The Traditional Villages of Lombok will give us more information about the history and culture of the Sasak Tribe. The Sasak is the native people of Lombok. It is also the largest tribe in Lombok, comprising about 85% of the island’s population. If you’re tired of the beaches in nearby Gilis, head towards Sade Village or Ende Village for an authentic and different experience.
Sasak Sade is one of Lombok’s indigenous villages. One that will immerse you into the unique, colorful and musical culture of the Sasak Village of Lombok. A short drive south from Praya is the traditional Sasak Village of Sade, which provides an amazing insight into traditional Sasak life. In fact, 700 people are currently residing in the village. And it is not a museum nor only for the tourists. But it is a real village that has been inhabited by the indigenous people of Lombok for a long time. The village consists of around 150 households living in thatched houses with walls of cow dung, which is freshly applied to the house every month to repel mosquitoes and keep the house cool. But amazingly, there was no smell of cow dung on the dry floor. Here you can also visit several homes, get the low-down on family life and guys will enjoy learning how to ‘kidnap’ a bride. Don’t forget to watch the amazing Ikat Weaving and maybe pick up a traditional sarong or two.
The Sasak Sade Village is big, and tourists could get lost in it if they go far. The women of Sasak are taught to weave since they are young. They say that a girl cannot marry if she doesn’t know how to weave. Their traditional woven cloth, Ikat, is born of a labor-intensive process. The whole process of dyeing and weaving can take months to finish a high-quality product.
Aside from the weaving, they also live on agriculture. The men do the farming of course. They store their rice and other food in a building called “lumbung.” You’ll definitely notice the rice granary too because it stands higher than the rest of the houses. Although it may look touristy, one must understand that this is also their livelihood. And that they are also doing this to preserve their culture and traditions.
For centuries, the Sasak people in Lombok have maintained their traditional lifestyle by eschewing modern staples such as electricity and technology. This Bali’s sister island is experiencing increasing tourism, and Ende Traditional Village has become a stop on Lombok’s tourist trail for visitors who are curious to learn more about how Sasak residents live. Ende is one of the more authentic (and least touristy) options for immersion in the Sasak culture. It offers opportunities to tour well-preserved and still occupied, examples of traditional Sasak homes built in their unique architectural style. You can also interact one-on-one with villagers while learning about their customs and cuisine.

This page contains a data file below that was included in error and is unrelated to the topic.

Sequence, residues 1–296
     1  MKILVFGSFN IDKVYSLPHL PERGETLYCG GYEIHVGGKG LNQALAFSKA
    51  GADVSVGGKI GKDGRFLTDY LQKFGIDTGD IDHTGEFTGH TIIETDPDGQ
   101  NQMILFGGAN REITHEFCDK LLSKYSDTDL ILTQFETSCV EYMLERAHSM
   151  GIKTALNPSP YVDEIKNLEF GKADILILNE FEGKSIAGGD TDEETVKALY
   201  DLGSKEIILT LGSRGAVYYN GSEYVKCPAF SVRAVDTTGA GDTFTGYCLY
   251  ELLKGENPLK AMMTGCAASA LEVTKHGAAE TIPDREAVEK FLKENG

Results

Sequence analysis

Ende is located about 15 minutes south of Lombok International airport in Central Lombok Regency on the main road to Kuta Lombok. The Sasak make up 85 percent of Lombok’s population (the remaining portion is Balinese). Unlike their next-door neighbors in Bali, the Sasak embrace Islam rather than Hinduism – although they share an ethnicity and language. Like the Balinese, the Sasak people have rich traditions of dances, textiles and agriculture.
Sasak homes are known for their interesting construction methods. Wooden pillars and frames, bamboo walls, and alang-alang (woven grass) roofs are standard — no nails or metal tools are used in the construction of these sturdy “lumbung” huts found in abundance in Ende. Lumbungs are traditionally used for grain storage. Clay floors are polished with dried cow dung in a ritual said to keep mosquitos at bay. You can easily acquire a local guide for a very reasonable fee in Ende and stroll about the village admiring their ingenious architecture. You won’t find loud hawkers here.
You will have the opportunity to enter and examine several domiciles, as well as observe the villagers as they go about their day to day life. It is common to be invited into a home and become involved in the preparation of a meal, followed by dining with the inhabitants. There is often a night gathering where you can learn further about the traditions, including the ceremonial “kidnapping” of a future wife and the religious practices of the villagers. Some homes may have woven textiles available for sale. Generally, Ende is an agrarian community making its living on the rice growing in the surrounding paddies, and weaving is an off-season occupation. The people are friendly and kind-hearted, and happy to share. It’s scenic and pastoral, and a great opportunity to get up close and personal with the unique population of the island.